These playoffs have been a little weird for me so far. I usually have at least one team to root for, even though being a Cubs fan and then a Rockies fan for most of my life has nearly always prevented me from ever feeling the real highs and lows of postseason baseball. The last few years I've usually rooted for the Red Sox, since my mom's three brothers all live in Boston. Last year though completely indifferent towards the White Sox I was excited to see my hometown finally host a World Series. Likewise, in 2002 when I was living in Berkeley it was neat to have the Giants in the Series, even though my deep abiding hatred for Jeff Kent prevented me from ever fully embracing that team.
So was I happy to see Kent involved in one of the dopiest plays in Division Series history yesterday? Well, so far as such things go. As you have no doubt heard deconstructed a thousand times by now, the play yesterday where Kent and another Dodger baserunner were both tagged out at home was not Kent's fault. Nor was it third base coach Rich Donnelly, although the normally loquacious Donnelly was shaken enough to not produce any of his usual postgame quotables. It was the other runner, J.D. Drew, who didn't watch the play in front of him, advanced while Kent was holding up so that Donnelly had no choice but to send Kent home, and then continued on past third even after Kent was thrown out by ten feet. It was just one of those things.
I was just reflecting yesterday, as the morning talk shows were breaking down Jim Leyland's decision to double steal early in the first game of the Detroit-New York series, on how the playoffs are the only time of year when the routine everday strategies of baseball games are ever this closely scrutinized. And then the games of that day went and provided not one but two plays that were so unusual that they would have been singled out and discussed widely had they happened in regular-season games. (Presuming they involved the Yankees and/or Red Sox.) There was the J.D. Drew baserunning circus, and there was Torii Hunter's misplayed fly ball in Game 2 of the A's-Twins series. Explain something to me. How is that a home run? Kotsay hit a single, and Hunter misplayed it into a home run. Shouldn't it be a single and a three-base error? The same thing goes for balls that bounce off of fielders into the stands. I don't get why the home run element trumps the usual scoring rules.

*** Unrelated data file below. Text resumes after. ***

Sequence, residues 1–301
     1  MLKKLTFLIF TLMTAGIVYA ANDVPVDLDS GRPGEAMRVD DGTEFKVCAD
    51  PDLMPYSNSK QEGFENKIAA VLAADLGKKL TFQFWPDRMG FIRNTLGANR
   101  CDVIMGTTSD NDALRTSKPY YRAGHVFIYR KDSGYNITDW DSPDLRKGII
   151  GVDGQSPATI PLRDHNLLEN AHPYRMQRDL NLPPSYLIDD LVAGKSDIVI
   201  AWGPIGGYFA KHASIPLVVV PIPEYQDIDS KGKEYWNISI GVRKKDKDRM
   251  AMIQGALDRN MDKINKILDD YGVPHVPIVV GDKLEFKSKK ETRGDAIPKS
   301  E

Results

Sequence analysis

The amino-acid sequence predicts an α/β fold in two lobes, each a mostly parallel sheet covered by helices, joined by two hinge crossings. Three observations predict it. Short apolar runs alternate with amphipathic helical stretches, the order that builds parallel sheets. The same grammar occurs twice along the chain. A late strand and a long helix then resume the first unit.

Alex Rodriguez just struck out with the bases loaded in the top of the first. I cannot believe I actually feel sorry for a guy making $25 million a year. But...I kind of do. He's going to hit 800 home runs, and thousands of baseball fans are convinced he's a bum. I feel like I've made this argument a million times, but maybe not here before. If Derek Jeter is so great and such a great team guy and a winner through and through, why is he still playing shortstop? Alex Rodriguez is a better shortstop than Jeter. He would probably be more relaxed if he could play the position he grew up playing. If Jeter played third or in the outfield he could make even more completely unnecessary dives into the stands than he does now. If people thought his defense at short was ever worth a Gold Glove, playing in left field he would win two or three per year.
I kid about Jeter, but his defense at short has gotten demonstrably better over the years -- he's now almost average -- and he deserves to be the MVP this year. No doubt about it. If Justin Morneau wins, it'll be a joke. You can't argue with Jeter's record, but at the same time, the aura he has around him seems to make a lot of baseball fans give him free passes on stuff like the defense and the A-Rod thing. If he's the captain, how come he gets to give A-Rod the cold shoulder? Is he only the captain for the other 23 guys on the team? The Yankees are probably going to win the World Series, and if they do, Derek Jeter will deserve a ton of the credit. He elevated his play this regular season when his team was deluged by injuries. That's a skill that Alex Rodriguez has yet to demonstrate with any of his organizations. Jeter is as regularly dazzling a performer in postseason and nationally televised games (against Boston) as baseball has ever known. But he isn't perfect, and it is annoying that A-Rod, who is no more or less flawed, gets all of this abuse while Jeter is humored. Not to mention the way Jason Giambi, cheater, liar, opportunist, traitor, has become a folk hero himself.